Johore UMNO leaders had apparently told Prime Minister Abdullah that he must have a succession plan that is “structured, smooth and speedy.” This three “S” strategy missed targeting the biggest ass of all, Abdullah himself. The initiative had more to do with saving Abdullah’s “face” than with solving the grave problems confronting the party.

If UMNO members and leaders were serious, they would focus on getting this harsh and unadulterated message straight to Abdullah: He is unfit to lead the party and country. He has clearly demonstrated this through his deeds (or lack of them) and words. The man is a habitual liar; he cannot separate fact from fiction and distinguish reality from fantasy.

Abdullah’s idea of taking responsibility for his party’s electoral debacle is merely to utter that statement. He has no inkling of what it means to accept responsibility.

Abdullah’s pleading that he is needed to “revive” the party is laughable and self serving. If he could not pilot his ship of state competently when it was calm, there is no hope that he would be any more capable when it is now stormy, and threatening to get even more so every day. Abdullah is the problem, and a very huge one at that. Consequently his moving out would be a big part of the solution. It would not solve everything of course, but it would remove a major impediment.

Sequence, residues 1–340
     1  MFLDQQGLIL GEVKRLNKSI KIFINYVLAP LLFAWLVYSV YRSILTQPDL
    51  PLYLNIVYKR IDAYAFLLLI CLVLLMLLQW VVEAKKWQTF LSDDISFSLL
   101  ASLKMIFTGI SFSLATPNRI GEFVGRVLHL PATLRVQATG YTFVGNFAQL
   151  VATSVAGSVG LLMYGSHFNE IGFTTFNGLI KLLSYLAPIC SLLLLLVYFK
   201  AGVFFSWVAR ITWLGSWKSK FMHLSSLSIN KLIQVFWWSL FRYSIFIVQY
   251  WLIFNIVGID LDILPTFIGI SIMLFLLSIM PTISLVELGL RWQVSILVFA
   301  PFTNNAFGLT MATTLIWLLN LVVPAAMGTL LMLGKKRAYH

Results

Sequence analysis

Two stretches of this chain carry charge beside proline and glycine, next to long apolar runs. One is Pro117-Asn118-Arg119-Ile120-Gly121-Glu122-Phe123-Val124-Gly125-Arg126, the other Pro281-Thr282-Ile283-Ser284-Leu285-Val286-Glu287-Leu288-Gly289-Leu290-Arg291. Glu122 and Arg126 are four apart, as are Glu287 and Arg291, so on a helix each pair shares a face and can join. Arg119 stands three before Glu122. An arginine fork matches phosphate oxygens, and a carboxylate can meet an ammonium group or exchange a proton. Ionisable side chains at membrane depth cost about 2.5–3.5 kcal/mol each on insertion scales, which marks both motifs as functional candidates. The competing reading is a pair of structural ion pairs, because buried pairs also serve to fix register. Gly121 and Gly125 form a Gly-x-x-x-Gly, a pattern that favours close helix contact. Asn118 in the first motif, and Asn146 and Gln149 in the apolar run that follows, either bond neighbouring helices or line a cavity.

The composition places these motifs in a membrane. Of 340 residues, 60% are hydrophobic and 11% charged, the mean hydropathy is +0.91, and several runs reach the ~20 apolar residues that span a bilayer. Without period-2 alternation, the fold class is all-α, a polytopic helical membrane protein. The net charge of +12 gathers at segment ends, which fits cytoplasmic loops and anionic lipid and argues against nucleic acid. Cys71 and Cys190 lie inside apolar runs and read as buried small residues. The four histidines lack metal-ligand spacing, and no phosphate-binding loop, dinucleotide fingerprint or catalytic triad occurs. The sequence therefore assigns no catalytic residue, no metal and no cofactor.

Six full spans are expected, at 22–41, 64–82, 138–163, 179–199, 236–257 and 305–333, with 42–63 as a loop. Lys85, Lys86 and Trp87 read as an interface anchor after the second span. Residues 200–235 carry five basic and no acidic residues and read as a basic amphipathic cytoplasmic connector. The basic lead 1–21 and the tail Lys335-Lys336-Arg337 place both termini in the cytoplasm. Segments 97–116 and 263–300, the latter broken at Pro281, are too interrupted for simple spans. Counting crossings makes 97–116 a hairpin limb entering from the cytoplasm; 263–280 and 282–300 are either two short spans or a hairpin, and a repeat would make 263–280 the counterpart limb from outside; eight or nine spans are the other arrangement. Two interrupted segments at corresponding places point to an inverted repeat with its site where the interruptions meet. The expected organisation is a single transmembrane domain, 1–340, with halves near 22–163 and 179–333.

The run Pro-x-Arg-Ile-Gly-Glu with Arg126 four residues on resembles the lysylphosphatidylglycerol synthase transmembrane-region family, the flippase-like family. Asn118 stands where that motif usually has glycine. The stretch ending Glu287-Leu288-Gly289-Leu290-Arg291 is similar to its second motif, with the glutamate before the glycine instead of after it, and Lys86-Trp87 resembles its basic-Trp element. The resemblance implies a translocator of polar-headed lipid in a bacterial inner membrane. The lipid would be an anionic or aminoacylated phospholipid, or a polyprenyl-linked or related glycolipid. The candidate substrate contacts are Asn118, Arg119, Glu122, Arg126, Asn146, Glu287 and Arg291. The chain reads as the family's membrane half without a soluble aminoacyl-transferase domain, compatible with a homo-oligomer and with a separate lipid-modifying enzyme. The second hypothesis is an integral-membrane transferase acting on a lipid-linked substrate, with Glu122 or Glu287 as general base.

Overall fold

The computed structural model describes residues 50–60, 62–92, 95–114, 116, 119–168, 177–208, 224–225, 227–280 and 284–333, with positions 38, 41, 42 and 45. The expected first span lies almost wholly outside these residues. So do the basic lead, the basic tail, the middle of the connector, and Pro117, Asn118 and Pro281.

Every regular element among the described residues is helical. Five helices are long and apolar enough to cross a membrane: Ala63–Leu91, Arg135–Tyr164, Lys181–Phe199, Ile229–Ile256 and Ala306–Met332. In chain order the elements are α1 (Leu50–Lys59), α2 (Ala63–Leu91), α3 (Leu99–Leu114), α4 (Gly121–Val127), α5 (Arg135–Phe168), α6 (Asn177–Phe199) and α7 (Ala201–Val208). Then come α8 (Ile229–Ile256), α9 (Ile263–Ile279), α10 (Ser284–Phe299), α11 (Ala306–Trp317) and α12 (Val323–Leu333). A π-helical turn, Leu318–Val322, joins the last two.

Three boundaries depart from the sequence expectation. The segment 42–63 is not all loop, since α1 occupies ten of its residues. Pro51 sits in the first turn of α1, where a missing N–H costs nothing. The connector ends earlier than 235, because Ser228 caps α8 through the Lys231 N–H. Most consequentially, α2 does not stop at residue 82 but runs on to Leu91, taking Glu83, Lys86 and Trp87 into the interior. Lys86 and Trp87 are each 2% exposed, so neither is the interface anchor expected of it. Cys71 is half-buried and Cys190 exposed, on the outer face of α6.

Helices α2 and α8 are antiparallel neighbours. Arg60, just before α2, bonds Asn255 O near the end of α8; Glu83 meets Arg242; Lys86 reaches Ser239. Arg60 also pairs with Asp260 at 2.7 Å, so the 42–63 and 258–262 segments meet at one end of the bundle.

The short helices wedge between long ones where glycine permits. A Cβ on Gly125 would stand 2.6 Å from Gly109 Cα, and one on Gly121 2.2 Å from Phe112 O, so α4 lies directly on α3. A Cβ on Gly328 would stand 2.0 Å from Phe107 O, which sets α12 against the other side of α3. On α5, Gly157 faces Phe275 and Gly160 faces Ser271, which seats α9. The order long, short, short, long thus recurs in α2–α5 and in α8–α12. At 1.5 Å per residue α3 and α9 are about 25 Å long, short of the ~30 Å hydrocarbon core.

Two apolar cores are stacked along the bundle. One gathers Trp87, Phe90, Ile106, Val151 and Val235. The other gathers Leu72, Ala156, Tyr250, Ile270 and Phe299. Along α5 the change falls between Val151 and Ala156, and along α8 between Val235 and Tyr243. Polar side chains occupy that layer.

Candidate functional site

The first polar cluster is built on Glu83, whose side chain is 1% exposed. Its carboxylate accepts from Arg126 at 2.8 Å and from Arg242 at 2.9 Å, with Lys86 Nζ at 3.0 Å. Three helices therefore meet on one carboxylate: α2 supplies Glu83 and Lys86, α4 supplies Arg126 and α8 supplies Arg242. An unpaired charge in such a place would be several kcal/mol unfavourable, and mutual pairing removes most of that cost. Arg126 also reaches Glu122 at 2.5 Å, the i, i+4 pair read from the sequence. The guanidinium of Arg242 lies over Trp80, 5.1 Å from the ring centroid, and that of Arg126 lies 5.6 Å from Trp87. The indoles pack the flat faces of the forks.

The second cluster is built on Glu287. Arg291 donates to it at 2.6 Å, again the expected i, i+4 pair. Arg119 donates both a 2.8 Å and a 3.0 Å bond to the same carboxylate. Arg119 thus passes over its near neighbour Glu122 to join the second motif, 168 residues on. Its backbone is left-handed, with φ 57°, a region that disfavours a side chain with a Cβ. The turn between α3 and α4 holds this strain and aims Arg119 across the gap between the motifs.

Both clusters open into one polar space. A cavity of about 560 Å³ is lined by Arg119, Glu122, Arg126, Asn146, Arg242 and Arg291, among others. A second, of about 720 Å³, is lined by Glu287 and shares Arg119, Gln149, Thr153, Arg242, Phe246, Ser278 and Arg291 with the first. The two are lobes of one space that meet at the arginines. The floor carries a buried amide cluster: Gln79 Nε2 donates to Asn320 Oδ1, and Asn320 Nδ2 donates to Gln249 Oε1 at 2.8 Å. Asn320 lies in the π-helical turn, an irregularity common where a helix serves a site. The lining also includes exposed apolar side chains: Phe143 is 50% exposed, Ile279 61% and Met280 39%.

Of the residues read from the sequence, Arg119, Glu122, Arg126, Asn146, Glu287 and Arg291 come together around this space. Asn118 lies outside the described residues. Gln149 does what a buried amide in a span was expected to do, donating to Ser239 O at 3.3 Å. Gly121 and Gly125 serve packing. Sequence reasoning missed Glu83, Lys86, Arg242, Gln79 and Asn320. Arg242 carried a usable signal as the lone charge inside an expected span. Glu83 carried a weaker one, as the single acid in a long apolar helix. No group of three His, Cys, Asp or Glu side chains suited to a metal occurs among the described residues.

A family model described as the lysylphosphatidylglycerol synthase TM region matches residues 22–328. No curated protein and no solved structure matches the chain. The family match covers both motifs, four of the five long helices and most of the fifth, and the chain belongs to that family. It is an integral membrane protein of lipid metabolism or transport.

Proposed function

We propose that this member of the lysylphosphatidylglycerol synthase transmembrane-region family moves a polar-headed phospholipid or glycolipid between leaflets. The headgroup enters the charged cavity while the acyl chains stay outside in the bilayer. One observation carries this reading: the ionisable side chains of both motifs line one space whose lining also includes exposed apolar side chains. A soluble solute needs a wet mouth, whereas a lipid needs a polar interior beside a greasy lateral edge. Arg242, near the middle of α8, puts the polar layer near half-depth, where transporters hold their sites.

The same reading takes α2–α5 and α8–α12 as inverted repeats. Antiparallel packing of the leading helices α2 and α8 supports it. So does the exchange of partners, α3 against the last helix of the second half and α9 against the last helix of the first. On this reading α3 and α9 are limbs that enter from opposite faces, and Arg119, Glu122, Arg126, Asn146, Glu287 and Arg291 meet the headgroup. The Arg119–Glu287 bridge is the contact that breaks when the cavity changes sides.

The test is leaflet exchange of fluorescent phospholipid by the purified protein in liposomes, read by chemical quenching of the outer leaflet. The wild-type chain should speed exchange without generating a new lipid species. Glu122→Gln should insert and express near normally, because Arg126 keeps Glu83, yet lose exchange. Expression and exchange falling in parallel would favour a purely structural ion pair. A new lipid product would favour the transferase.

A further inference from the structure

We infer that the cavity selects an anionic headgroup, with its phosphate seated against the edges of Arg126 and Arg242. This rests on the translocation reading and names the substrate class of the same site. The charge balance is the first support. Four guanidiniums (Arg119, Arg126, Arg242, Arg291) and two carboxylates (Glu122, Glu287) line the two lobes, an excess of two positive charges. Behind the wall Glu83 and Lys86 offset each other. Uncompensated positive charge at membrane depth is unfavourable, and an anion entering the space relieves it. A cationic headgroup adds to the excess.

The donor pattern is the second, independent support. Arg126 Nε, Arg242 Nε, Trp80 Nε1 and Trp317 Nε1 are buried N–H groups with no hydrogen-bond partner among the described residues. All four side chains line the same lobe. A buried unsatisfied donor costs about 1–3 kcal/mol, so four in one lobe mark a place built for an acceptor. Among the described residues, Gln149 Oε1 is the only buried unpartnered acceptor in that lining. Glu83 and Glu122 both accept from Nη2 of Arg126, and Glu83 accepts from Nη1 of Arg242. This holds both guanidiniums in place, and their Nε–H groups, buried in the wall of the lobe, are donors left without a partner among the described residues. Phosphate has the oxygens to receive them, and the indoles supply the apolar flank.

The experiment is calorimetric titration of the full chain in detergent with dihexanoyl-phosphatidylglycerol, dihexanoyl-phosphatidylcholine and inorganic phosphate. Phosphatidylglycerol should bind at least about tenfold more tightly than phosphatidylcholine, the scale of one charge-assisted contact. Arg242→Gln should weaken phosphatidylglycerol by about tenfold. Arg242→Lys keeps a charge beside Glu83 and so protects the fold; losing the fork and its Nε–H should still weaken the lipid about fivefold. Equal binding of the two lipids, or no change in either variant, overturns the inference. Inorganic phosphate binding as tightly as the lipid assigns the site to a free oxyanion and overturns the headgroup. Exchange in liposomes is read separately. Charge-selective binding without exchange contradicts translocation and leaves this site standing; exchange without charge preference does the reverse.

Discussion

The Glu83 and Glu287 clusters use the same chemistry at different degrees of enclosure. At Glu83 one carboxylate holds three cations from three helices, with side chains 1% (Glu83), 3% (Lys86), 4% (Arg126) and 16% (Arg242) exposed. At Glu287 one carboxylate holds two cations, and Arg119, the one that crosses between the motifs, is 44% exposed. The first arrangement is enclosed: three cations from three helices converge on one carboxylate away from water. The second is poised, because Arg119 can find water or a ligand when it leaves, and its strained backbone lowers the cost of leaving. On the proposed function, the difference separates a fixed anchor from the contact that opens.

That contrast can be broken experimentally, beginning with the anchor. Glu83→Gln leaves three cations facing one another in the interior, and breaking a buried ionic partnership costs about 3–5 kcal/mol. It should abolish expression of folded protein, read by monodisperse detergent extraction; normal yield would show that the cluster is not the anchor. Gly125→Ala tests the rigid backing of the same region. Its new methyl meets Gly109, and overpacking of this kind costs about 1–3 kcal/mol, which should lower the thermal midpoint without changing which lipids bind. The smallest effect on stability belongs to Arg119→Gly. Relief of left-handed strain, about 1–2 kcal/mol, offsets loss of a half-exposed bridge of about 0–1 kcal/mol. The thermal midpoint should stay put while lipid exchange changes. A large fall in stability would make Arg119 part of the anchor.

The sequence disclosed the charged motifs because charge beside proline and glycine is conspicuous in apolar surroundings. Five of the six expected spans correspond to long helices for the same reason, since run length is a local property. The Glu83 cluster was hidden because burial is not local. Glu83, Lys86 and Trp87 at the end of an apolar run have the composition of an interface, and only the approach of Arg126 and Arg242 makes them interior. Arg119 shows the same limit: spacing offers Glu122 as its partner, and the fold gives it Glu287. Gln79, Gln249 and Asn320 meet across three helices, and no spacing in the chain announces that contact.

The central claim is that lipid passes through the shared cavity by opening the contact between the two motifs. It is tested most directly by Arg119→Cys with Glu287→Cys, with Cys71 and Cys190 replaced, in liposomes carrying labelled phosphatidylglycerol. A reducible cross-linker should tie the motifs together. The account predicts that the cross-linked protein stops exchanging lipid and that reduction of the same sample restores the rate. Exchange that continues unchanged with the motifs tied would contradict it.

His “leadership” has been nothing more than endless sloganeering (Work with me, not for me!”), like the leader caricatured in Shahnon Ahmad’s short story, “Ungkapan” (Sloganeering).

Having grown accustomed to the perks and trappings of his office, Abdullah will not leave voluntarily, much less gracefully. He has to be literally dragged out. Subtleties and hints will not work on this man. He is too dumb to read the signals. He is also insulated, surrounded by courtiers ever willing to spin bad news. Read the rest of this entry »


Bangalore heart trip – self-inflicted malady of Malaysian healthcare

by GS